Breath in Conversation

Stray fragments of conversation as we get ready for our premiere in San Francisco at the Fort Mason Firehouse July 16-17:

  1. We have said from the start that breath is intrinsic to dance; but what we are discovering is how easily moving our bodies can overwhelm the movement of breathing. For example, Dan the  composer for the piece pointed out regarding an experiment when we slammed our torsos against a wall to provoke exhalation: “the thump of your body can be much louder than your breath.” So the trick is to figure out how to keep the breath primary, and then how to communicate to the audience this alternate way of attending to a dancing body.
  2. Ben, the interaction designer, is now working with three data sources for the show’s visualizations based on the breath sensors. The first is the interactive visualizations that are based entirely on the dancer’s live breath in real time. The second is data that is captured from live breathing during the show but remixed to form an additive image that accumulates over time. The third is a live breath from the prior run of a dance section that is captured, saved, time-shifted, and then reused later in the same performance.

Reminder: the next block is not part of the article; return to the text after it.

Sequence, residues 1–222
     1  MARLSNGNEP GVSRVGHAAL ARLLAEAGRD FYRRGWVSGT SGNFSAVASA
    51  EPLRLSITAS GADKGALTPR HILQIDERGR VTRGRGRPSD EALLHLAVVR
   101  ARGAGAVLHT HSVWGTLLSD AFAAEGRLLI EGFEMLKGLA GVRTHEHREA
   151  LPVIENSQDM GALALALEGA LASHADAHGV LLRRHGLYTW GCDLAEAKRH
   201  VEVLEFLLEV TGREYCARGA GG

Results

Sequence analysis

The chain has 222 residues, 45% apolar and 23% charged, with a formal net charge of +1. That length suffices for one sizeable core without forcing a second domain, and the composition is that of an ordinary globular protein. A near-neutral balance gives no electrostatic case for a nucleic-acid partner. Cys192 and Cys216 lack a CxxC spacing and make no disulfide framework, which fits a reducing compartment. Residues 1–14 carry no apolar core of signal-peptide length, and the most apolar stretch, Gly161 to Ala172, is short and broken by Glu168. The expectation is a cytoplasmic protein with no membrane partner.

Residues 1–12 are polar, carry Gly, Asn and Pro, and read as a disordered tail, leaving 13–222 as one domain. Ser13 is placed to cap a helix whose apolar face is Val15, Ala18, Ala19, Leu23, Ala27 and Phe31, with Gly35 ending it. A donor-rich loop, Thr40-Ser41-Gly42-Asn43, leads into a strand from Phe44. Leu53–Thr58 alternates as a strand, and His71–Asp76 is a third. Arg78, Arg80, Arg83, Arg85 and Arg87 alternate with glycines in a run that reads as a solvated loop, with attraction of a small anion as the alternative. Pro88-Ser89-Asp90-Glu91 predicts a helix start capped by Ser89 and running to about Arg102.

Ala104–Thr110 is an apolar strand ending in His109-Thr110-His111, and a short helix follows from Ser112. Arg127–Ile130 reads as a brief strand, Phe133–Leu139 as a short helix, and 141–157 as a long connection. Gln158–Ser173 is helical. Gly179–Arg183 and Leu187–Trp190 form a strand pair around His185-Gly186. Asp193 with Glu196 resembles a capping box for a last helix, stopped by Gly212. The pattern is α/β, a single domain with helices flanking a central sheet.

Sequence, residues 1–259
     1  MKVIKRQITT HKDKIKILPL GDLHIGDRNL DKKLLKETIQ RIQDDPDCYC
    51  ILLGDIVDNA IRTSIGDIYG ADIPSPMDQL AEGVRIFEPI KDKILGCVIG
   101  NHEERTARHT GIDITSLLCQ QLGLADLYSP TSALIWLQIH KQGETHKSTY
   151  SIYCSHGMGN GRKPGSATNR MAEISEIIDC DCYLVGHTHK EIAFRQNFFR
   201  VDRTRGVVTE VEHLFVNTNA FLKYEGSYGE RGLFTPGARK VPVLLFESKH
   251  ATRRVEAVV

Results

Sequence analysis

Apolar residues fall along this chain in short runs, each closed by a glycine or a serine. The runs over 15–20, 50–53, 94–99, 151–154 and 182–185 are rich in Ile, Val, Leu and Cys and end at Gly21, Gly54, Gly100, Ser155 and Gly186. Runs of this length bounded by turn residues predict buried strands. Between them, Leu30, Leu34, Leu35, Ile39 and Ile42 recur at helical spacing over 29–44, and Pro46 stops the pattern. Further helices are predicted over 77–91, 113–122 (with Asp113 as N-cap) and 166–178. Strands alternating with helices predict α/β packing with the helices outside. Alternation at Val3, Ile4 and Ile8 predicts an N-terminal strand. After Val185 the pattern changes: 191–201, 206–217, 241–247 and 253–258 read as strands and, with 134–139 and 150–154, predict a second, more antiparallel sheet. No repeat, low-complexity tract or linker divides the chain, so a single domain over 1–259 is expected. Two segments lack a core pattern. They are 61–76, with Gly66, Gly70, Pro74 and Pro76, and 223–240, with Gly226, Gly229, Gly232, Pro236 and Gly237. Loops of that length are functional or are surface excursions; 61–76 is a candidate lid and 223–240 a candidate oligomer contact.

3. The performance is currently broken down into two types of “curios”: longer, more developed sections, which could be considered concrete “breath choreographies/objects,” and then “fragments” that are shorter investigative events. The curio fragments are based on singular breath tasks or tests: what happens if you breathe fast and move slow at the same time or vice versa? Can you choreograph inhalations and exhalations the way you choreograph movement? Can you move, breathe, and tell a story at the same time while keeping all three on separate tracks? What are the breath events that happen between language?
  4. Each of the 12 catalogue entries that make up this particular show need to be unique enough to open different drawers of possibilities in the cabinet of breath curiosities, but cohesive enough to together build and sustain an evening of performance. We are mourning eliminating some breath ideas at this late date. At the same time, not displaying these curios now means that the catalogue will continue to grow outside the constraints of this specific performance. Given the right opportunity, these drawers can be opened and shared as we continue to collect and catalogue new material in the future.
  5. We now accept that our breath is directly connected to the visualizations, albeit in ways particular to each section. However, as we move toward the performance and refine the specificities of the various breath events, we are also reminded what it is like not to know or assume this connection, and to instead be in a landscape of discovery.

Looking forward to sharing with you next week!


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